Call for Papers

          4th International Workshop on Quality of Protection
                               (QoP 2008)

                            October 27, 2008
                          Alexandria, VA, USA

                        An ACM CCS 2008 workshop


In the last few decades, Information Security has gained numerous
standards, industrial certifications, and risk analysis methodologies.
However, the field still lacks the strong, quantitative,
measurement-based assurance that we find in other fields. For example,
Networking researchers have created and utilize Quality of Service
(QoS), Service Level Agreements (SLAs), and performance evaluation
measures. Empirical Software Engineering has made similar advances
with software measures: processes to measure the quality and
reliability of software exist and are appreciated in industry.

Security looks different. Even a fairly sophisticated standard such as
ISO17799 has an intrinsically qualitative nature. Notions such as
Security Metrics, Quality of Protection (QoP) or Protection Level
Agreement (PLA) have surfaced in the literature, but they still have a
qualitative flavor. Furthermore, many recorded security incidents have
a non-IT cause. As a result, security requires a much wider notion of
"system" than do most other fields in computer science. In addition to
the IT infrastructure, the "system" in security includes users, work
processes, and organizational structures.

The goal of the QoP Workshop is to help security research progress
towards a notion of Quality of Protection in Security comparable to
the notion of Quality of Service in Networking, Software Reliability,
or measures in Empirical Software Engineering.


Original submissions are solicited from industry and academic experts
to presents their work, plans and views related to Quality of
Protection. The topics of interest include but are not limited to:

     * Industrial experience
     * Security risk analysis
     * Security measures
     * Reliability analysis
     * Security quality assurance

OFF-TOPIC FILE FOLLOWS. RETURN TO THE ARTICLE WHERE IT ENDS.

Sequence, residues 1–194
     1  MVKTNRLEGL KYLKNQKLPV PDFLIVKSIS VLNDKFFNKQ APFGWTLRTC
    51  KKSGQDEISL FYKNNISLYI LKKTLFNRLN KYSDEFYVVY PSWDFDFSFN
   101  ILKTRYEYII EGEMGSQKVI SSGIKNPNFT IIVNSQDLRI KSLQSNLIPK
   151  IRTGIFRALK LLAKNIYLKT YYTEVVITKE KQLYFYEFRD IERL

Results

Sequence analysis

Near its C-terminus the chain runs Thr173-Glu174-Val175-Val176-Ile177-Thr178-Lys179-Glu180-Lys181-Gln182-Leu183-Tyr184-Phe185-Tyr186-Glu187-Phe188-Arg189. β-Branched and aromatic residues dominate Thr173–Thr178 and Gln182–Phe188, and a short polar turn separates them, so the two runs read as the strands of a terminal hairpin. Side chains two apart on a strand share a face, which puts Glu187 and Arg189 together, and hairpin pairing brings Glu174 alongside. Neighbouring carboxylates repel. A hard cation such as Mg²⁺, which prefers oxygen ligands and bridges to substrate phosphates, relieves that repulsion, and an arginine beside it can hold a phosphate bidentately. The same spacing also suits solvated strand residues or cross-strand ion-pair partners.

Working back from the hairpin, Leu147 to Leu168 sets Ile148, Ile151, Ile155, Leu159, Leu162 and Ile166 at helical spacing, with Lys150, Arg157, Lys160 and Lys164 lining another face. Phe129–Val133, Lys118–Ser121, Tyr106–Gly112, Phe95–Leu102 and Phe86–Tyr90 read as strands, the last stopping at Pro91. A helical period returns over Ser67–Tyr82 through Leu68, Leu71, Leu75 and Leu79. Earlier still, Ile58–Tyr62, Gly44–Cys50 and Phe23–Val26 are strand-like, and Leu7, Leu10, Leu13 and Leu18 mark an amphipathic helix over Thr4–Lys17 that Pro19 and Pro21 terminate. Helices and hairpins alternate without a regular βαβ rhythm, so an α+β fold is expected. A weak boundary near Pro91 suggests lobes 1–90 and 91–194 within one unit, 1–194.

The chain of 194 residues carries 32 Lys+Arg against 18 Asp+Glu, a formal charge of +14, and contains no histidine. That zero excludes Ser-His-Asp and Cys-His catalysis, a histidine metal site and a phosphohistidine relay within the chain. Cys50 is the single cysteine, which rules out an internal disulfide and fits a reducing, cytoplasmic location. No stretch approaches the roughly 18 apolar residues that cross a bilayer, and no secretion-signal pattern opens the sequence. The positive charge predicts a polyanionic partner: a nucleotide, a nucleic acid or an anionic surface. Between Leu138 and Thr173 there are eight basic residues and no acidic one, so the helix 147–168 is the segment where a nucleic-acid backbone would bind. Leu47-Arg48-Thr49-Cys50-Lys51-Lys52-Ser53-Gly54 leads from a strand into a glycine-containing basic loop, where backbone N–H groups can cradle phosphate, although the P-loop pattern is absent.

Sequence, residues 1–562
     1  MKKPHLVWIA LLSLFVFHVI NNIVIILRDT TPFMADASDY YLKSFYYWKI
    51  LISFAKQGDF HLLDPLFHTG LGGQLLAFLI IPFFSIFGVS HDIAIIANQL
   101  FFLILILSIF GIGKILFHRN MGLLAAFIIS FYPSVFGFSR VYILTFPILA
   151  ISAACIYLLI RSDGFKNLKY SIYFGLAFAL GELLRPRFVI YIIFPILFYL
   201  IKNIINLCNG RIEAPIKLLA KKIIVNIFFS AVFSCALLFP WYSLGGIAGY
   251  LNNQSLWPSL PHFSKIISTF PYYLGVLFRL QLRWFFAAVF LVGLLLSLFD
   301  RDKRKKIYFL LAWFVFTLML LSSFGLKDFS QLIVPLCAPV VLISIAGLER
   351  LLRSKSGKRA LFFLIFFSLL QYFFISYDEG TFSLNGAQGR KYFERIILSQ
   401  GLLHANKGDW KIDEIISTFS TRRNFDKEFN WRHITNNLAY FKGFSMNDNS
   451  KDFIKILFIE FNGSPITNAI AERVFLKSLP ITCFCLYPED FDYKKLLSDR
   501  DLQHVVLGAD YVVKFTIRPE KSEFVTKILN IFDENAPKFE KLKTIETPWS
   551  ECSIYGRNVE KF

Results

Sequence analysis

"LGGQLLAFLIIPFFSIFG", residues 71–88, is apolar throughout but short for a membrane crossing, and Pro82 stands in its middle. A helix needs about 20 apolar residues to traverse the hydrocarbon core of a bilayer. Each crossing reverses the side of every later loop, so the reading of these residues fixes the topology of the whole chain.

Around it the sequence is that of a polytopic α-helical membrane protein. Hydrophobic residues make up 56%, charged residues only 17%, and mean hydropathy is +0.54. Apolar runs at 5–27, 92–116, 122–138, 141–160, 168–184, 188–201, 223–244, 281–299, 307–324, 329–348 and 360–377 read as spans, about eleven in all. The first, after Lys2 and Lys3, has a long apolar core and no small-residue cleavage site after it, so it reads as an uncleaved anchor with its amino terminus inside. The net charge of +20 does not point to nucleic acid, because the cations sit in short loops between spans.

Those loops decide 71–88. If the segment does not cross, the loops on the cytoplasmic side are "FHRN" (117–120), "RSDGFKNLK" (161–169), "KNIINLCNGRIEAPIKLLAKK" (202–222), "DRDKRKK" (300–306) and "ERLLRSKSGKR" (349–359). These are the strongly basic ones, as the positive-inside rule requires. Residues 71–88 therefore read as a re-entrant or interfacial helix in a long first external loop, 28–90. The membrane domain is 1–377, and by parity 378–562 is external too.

* Measurement-based decision making and risk management
     * Empirical assessment of security architectures and solutions
     * Mining data from attack and vulnerability repositories
     * Measurement theory
     * Formal theories of security measures
     * Security measurement and monitoring
     * Experimental validation of models
     * Simulation and statistical analysis
     * Stochastic modeling


     * May 15, 2008 - Paper submission due
     * July 11, 2008 - Acceptance notification
     * August 10, 2008 - Camera-ready papers due


     * Andy Ozment, US
     * Ketil Stolen, SINTEF, NO


     * Alessandro Acquisti - Carnegie Mellon University (US)
     * Guenter Bitz - SAP (DE)
     * Jean Camp - Indiana University (US)
     * Dieter Gollmann - TU Hamburg-Harburg (DE)
     * Sushil Jajodia - George Mason University (US)
     * Hongxia Jin - IBM Almaden Research Center (US)
     * Erland Jonsson - Chalmers University of Technology (SE)
     * Audun Josang - Queensland University (AU)
     * Yucel Karabulut - SAP Research Palo Alto (US)
     * Guenter Karjoth - IBM Research (CH)
     * Volkmar Lotz - SAP (FR)
     * Fabio Massacci - University of Trento (IT)
     * John McHugh - Dalhousie University (CA)
     * Stephan Neuhaus - Saarland University (DE)
     * Andy Ozment - (US)
     * Eduardo Fernández-Medina - University of Castilla-La Mancha (ES)
     * Shari Lawrence Pfleeger - RAND Corporation (US)
     * Riccardo Scandariato - Katholieke Universiteit Leuven (BE)
     * Tomas Sander - HP Labs (US)
     * Santosh Shrivastava - University of Newcastle upon Tyne (UK)
     * Anoop Singhal - NIST (US)
     * Vipin Swarup - The MITRE Corporation (US)
     * Nicola Zannone - University of Trento (IT)


Original research papers are solicited in any of the above mentioned
topics describing significant research results. Preliminary research
results can be submitted in the form of short papers. We also solicit
industry experience reports about the use of security measures in
industrial environments. Industry papers should have at least one
author from industry or government, and will be considered for their
industrial relevance.

Papers are required (1) to explicitly state the hypothesis being
tested, or characterize the problem being solved in the form of
success criteria, and (2) to have a research methodology section. The
research methodology section should contain enough details that a
reader could reproduce the work, at least as a thought-experiment.
Where appropriate this section should include information like:
materials, apparatus and stimuli used, a description of the subjects
or data sets used, the experimental design, and the procedure

Authors should use the ACM SIG proceedings template when preparing
their submission. The page limit for the final proceedings version
will be 6 pages in double-column ACM format; short papers are limited
to 3 pages. Only PDF or PS files are accepted.


The proceedings of the workshop will be published by the ACM; it will
have an ISBN number and be included in the ACM digital library.
Authors of accepted papers will be expected to give full presentations
at the workshop.